I was writing an article the other day about food and wine matching that required spot-on pairings and found myself specifying the age of the wines I was recommending. It’s not something I tend to do when making generalised recommendations (as opposed to matching a specific wine) but I realised it is as important as giving information about whether a wine is oaked or unoaked, the nature of the vintage or what country, region or producer it comes from.
There is of course the risk that you make the whole process so complicated that your readers just give up in despair. But given that many people who lay down wines have a tendency to hang on to them too long for the food they’re going to eat with them it may act as a useful reminder that youth has its virtues, particularly at this time of year when fresh flavours are at a premium
If you’re enjoying a fresh crab salad for example or the fragrant herby flavours of Vietnamese spring rolls you want a wine whose primary fruit flavours and crisp acidity are intact. The popular pairing of pinot noir and fish such as salmon and tuna depends on the wine being served young, fresh and cool.
With better quality wines which can overpower in their youth it’s a question of finding the right window to drink them and that depends on the food as well as the wine. To return to the pinot and salmon example if you buy a top quality red burgundy and want to drink it at this time of year you should generally be looking at the earlier recommended consumption dates rather than the later ones though wines do vary quite markedly in terms of how long they retain their freshness and purity.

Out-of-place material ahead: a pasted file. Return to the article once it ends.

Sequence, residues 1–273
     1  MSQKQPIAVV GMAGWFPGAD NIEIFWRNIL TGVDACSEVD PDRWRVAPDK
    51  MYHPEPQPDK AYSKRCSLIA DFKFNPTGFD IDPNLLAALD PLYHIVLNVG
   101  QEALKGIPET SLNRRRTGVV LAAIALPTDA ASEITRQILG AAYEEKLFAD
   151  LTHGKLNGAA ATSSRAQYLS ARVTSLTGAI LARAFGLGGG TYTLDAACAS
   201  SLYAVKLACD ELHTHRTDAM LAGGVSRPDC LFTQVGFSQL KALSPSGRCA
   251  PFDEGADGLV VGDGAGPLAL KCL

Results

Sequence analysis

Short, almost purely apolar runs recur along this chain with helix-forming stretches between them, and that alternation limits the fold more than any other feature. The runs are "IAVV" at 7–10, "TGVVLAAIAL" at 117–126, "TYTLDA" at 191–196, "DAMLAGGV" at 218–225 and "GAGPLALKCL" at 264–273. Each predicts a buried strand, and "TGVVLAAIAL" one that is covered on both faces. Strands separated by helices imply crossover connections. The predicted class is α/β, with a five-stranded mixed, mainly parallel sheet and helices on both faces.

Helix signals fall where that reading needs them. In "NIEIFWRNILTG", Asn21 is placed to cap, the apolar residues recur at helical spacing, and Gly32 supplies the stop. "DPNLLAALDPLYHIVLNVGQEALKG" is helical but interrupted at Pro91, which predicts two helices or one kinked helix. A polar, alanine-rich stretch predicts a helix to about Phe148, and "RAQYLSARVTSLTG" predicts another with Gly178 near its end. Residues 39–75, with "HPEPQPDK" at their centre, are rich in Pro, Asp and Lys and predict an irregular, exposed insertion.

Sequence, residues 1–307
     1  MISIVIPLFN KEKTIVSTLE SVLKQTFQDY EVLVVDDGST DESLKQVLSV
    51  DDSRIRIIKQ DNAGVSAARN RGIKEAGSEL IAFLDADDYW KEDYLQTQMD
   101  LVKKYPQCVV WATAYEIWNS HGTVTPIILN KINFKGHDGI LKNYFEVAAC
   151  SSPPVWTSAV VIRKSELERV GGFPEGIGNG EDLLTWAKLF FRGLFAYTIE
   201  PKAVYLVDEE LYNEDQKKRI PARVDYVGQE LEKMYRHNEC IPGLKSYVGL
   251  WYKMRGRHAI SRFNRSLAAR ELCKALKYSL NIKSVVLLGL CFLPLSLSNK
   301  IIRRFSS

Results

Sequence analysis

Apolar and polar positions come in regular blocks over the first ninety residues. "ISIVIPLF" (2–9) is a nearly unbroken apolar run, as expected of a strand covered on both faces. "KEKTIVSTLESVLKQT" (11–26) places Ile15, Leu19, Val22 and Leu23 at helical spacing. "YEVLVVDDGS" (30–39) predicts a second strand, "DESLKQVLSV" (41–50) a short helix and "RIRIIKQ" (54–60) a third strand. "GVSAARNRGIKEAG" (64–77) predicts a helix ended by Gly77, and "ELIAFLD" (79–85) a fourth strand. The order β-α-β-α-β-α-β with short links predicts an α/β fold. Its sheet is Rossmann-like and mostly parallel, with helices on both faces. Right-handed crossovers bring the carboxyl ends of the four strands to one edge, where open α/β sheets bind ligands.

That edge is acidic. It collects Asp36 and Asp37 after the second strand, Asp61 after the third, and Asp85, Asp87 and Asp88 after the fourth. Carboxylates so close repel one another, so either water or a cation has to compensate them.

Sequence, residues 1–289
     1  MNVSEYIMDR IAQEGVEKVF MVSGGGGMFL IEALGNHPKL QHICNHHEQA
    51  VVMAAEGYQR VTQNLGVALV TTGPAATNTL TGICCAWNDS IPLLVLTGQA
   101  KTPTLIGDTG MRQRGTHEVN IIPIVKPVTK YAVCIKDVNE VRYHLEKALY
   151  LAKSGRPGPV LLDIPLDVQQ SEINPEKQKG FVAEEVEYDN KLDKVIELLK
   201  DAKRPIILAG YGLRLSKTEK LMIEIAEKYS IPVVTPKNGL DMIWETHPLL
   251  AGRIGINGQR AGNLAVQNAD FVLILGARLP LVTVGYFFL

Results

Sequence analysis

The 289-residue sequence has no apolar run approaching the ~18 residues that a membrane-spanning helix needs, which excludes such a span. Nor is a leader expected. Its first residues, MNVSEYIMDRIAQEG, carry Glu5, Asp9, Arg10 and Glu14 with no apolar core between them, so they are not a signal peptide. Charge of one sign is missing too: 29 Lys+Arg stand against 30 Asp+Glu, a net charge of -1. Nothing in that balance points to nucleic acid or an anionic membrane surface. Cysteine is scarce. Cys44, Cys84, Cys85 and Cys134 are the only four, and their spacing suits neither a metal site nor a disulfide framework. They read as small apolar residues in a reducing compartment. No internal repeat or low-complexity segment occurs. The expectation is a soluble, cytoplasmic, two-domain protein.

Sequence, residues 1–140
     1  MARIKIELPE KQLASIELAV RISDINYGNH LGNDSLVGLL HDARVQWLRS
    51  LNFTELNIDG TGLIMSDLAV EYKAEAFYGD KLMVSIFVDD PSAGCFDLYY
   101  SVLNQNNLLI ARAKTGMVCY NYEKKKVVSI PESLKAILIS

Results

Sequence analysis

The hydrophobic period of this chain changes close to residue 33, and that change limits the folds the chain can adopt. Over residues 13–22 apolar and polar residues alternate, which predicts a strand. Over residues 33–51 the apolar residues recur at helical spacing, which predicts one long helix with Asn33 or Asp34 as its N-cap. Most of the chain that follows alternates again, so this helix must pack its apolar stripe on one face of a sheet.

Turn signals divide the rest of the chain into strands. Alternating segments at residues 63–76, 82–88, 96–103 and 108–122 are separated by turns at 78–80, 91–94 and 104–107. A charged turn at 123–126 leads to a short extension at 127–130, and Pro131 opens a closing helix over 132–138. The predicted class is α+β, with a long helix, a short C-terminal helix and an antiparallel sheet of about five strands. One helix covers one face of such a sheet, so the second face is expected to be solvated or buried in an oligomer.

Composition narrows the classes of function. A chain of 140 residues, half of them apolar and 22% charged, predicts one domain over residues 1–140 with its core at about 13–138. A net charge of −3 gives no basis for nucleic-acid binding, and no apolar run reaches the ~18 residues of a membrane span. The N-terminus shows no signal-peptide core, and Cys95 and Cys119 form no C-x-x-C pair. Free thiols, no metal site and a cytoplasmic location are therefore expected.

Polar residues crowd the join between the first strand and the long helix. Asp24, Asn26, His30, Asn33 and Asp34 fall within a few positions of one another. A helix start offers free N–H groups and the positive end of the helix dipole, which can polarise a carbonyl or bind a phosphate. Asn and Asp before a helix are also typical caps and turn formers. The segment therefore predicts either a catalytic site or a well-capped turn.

If you serve older vintages with brightly flavoured or spicy summer food you also run the risk of overpowering them. At the Alsace wine matching dinner at Benares I reported the other day for example the superb 8 year old grand cru riesling was knocked sideways by a not over-spicy scallop salad. It would have been more enjoyable if the wine had been a couple of years younger or served with a less demanding dish.
This is not an issue, of course, that you hear much about from sommeliers as the cash flow pressures of most restaurants dictate that they serve the majority of the wines on their list young whether it benefits the food or not. More to follow on this subject in due course . . .